Mystery shoppers – also known as secret shoppers – are hired to perform random checks at various stores to make sure the store is providing a high level of customer service and meeting certain standards.
The Internet Crime Complaint Center (IC3) has received numerous reports about these types of scams and they seem to be on the rise. Here’s what you need to know:
What are Mystery or Secret Shopper Scams?
Mystery shopper or secret shopper scams are set up to encourage people to sign up as a mystery shopper and provide the “employer” with personal information to set up their profile.
The shopper receives very specific instructions to perform their assignment – just like a regular mystery shopping company – except that they are also asked to wire money from the retail location.
The money to be wired from the retail location is supposed to include the check that would be sent to the shopper as payment for their assignment.
After the shopper purchases the merchandise and money is wired, they find out that the check they cashed is counterfeit and they are now responsible for the money lost, as well as any bank fees posted to the account.
How do Mystery or Secret Shopper Scams Work?
The scams are set up to target unsuspecting shoppers so that they think they are working with a legitimate mystery shopping company or secret shopper service provider.
Scam artists involved in this type of scheme may go as far as asking the shopper for personal bank account information so that they can get a direct deposit payment for their assignments.
When they have this bank account information, they may be able to withdraw money without the victims’ consent and steal their identity.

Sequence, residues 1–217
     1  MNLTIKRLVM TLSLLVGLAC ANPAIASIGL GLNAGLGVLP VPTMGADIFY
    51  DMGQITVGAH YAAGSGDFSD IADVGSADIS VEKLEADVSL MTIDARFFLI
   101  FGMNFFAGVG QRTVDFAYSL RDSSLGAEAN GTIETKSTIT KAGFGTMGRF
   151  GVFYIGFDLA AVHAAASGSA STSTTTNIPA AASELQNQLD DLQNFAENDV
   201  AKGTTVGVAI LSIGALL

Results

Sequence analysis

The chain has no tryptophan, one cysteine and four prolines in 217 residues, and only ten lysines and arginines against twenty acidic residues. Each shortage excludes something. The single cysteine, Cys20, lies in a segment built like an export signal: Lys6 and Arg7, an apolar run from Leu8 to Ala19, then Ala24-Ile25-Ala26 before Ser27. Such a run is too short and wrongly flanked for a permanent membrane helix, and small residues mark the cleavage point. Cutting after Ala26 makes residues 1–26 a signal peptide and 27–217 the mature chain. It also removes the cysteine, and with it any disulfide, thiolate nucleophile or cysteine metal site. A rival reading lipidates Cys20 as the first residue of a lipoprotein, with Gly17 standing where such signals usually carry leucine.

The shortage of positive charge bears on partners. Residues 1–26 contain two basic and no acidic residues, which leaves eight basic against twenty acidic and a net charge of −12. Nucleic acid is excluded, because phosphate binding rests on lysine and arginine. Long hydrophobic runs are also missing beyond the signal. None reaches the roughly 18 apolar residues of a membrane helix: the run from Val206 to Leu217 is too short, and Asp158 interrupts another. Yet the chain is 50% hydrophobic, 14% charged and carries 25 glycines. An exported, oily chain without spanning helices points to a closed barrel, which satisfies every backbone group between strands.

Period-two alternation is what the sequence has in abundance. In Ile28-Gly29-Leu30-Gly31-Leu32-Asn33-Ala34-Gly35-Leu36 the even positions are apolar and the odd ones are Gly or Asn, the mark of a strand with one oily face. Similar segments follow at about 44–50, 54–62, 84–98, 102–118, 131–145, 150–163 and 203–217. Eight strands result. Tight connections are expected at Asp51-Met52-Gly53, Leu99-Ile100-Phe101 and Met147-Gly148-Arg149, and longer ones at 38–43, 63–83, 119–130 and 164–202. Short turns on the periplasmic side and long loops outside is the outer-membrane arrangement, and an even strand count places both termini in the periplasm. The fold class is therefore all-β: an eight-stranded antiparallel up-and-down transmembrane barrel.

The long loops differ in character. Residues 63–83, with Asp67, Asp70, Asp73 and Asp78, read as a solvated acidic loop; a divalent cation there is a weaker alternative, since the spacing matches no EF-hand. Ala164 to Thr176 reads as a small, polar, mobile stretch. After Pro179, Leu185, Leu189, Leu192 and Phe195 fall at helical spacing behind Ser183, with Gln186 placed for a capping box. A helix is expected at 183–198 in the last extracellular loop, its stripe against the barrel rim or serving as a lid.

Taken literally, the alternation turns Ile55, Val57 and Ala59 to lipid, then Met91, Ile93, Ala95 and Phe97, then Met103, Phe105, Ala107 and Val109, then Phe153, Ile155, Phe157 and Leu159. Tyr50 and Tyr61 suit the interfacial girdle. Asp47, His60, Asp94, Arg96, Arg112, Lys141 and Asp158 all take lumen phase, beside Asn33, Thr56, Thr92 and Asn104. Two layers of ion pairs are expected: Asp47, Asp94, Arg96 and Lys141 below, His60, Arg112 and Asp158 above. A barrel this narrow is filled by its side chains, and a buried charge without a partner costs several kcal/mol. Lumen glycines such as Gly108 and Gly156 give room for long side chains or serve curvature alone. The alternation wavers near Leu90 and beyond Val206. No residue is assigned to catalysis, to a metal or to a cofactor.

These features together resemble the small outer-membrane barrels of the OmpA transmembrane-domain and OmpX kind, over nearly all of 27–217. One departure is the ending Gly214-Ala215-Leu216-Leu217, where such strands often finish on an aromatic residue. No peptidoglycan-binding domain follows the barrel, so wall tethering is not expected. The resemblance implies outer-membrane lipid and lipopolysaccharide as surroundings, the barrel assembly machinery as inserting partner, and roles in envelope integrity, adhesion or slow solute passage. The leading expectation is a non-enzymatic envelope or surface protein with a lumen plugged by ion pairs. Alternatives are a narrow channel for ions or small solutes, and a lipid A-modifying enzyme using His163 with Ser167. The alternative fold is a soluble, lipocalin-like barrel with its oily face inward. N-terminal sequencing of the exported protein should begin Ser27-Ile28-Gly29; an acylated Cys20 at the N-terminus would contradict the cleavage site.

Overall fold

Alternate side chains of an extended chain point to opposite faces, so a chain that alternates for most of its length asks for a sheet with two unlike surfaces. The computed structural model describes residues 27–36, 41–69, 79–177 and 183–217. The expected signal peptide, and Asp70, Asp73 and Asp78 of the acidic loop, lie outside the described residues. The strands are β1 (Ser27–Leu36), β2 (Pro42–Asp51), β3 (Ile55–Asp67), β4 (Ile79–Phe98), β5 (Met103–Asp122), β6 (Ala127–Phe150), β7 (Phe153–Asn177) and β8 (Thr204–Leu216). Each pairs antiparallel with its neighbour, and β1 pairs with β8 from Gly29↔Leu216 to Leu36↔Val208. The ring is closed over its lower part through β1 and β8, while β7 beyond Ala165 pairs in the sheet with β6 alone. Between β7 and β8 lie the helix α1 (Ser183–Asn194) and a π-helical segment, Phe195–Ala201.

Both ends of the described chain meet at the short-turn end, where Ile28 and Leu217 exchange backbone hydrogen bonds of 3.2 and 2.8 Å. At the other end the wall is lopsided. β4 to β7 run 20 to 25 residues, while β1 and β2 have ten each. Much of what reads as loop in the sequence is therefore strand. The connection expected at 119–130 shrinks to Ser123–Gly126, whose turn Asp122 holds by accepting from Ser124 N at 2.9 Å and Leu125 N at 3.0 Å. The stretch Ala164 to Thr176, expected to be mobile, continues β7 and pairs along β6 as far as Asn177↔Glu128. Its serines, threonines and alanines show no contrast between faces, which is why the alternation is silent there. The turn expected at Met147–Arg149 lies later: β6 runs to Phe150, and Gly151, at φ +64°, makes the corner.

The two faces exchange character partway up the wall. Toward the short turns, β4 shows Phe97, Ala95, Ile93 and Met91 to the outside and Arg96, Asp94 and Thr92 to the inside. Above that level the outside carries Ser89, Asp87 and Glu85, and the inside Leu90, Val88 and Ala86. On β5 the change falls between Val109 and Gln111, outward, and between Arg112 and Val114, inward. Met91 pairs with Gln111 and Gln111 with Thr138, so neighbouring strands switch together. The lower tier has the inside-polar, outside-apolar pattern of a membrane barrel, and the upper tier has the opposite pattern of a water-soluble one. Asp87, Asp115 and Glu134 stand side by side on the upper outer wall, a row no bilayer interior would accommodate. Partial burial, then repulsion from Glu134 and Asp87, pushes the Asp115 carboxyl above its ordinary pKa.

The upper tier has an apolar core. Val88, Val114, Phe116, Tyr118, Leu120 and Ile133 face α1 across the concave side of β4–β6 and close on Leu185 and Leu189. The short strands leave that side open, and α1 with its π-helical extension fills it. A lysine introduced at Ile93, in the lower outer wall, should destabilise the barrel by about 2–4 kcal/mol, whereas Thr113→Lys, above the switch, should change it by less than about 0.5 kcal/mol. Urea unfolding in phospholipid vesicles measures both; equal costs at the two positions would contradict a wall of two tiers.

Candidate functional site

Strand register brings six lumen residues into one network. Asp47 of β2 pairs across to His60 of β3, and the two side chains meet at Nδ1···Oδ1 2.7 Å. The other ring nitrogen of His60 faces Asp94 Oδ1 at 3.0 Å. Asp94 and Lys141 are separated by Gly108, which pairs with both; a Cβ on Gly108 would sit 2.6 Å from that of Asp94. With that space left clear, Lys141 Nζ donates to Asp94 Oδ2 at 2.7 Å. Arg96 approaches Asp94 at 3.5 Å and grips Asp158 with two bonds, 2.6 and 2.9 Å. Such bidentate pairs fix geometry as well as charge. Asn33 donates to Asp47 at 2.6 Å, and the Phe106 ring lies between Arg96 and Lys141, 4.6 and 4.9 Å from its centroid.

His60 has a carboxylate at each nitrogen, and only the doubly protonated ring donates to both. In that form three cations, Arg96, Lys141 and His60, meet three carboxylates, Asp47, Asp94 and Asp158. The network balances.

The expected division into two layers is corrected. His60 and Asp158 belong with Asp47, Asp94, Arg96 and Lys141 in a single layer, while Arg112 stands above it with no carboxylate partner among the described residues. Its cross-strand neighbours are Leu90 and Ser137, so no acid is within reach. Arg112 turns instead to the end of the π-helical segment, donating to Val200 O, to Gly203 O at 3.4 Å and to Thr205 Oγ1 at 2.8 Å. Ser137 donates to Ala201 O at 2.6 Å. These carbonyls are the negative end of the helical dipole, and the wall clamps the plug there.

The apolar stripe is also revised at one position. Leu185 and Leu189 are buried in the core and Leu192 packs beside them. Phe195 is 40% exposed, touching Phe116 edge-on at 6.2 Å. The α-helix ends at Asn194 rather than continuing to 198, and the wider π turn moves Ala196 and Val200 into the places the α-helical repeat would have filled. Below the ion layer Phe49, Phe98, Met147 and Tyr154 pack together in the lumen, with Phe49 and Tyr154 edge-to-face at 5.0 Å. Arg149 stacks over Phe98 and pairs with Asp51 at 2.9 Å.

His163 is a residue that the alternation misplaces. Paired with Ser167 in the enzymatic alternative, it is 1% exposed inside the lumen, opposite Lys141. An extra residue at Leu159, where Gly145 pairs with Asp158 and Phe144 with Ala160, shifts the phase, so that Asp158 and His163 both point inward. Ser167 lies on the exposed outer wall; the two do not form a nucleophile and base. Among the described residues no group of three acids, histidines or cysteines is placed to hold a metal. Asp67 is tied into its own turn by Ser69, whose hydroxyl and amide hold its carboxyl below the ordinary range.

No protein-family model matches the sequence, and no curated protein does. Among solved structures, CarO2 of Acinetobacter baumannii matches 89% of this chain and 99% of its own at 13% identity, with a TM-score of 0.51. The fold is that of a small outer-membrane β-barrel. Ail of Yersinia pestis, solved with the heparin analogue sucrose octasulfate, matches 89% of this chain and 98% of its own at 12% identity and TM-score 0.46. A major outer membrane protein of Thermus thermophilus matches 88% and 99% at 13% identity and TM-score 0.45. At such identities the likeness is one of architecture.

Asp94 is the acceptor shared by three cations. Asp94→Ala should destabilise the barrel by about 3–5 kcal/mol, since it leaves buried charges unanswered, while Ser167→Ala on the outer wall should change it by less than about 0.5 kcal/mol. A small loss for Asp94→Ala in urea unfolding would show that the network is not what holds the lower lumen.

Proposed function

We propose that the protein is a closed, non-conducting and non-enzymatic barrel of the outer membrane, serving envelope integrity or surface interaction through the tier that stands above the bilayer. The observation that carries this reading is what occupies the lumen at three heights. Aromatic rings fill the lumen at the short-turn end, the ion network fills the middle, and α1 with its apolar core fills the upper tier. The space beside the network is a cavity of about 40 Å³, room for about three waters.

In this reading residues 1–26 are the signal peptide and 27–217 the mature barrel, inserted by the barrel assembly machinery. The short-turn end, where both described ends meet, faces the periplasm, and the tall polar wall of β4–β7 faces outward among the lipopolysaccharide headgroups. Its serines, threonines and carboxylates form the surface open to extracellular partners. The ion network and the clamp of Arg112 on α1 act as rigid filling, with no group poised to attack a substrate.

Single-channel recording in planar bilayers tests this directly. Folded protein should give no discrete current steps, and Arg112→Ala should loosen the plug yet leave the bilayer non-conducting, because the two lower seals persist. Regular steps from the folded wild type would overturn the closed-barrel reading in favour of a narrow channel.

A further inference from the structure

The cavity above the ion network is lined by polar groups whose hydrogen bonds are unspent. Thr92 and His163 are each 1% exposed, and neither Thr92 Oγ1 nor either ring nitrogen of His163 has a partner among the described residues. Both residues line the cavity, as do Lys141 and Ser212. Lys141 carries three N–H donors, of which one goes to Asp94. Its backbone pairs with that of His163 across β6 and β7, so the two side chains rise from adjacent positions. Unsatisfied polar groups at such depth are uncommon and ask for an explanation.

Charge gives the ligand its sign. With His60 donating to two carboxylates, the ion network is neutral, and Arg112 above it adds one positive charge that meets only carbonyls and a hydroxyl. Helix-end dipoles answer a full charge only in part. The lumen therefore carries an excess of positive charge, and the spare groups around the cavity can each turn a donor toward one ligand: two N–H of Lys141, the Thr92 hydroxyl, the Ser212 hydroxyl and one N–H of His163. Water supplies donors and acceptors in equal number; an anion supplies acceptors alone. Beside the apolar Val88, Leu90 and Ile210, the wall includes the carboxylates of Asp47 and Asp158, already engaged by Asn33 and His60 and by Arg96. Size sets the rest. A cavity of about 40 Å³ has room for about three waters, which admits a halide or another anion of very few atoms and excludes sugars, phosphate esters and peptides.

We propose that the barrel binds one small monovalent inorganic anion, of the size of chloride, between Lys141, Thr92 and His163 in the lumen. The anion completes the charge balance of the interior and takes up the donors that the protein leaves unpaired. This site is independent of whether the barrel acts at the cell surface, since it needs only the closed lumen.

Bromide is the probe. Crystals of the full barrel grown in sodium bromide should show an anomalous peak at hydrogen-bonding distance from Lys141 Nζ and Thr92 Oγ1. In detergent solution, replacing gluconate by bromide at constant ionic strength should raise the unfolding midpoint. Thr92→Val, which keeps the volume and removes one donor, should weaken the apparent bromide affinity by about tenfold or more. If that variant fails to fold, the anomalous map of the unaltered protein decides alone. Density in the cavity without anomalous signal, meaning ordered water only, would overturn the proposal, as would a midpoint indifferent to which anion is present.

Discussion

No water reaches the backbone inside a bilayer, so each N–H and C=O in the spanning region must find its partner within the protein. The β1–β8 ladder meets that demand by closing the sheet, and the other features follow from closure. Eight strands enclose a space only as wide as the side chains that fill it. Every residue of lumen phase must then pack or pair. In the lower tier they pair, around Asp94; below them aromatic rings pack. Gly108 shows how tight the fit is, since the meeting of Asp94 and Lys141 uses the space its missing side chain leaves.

In other scams, the “company” simply issues counterfeit checks and the shopper ends up paying for the fees.
How to Avoid Mystery or Secret Shopper Scams
The FBI warns consumers that they should not respond to unsolicited email and be very cautious when receiving emails that contain attachments or links.
They should also avoid filling out forms that contain personal information and should take steps to verify whether a company is legitimate when they are asked to visit a website through an email link.
It’s also important to remember that no legitimate mystery or secret shopper program will send payment in advance and then request a portion of it back.
What to Do If You Have Been a Victim of a Mystery or Secret Shopper Scam
If you think you have been scammed by a mystery or secret shopper scheme, you can file a complaint with the Internet Crime Complaint Center (IC3) at www.ic3.gov.
If you think your identity has been compromised, you may need to put an alert on your credit files and contact all of your banks and financial institutions as well. Read this article about what to do if you become a victim of identity theft.
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